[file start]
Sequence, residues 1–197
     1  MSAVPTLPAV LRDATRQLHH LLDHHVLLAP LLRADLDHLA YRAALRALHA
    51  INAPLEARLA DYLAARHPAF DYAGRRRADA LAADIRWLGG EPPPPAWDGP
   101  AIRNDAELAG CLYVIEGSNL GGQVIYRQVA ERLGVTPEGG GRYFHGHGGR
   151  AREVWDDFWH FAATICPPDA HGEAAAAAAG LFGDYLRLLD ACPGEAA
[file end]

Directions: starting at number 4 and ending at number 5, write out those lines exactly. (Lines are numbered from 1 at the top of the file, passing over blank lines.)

   101  AIRNDAELAG CLYVIEGSNL GGQVIYRQVA ERLGVTPEGG GRYFHGHGGR
   151  AREVWDDFWH FAATICPPDA HGEAAAAAAG LFGDYLRLLD ACPGEAA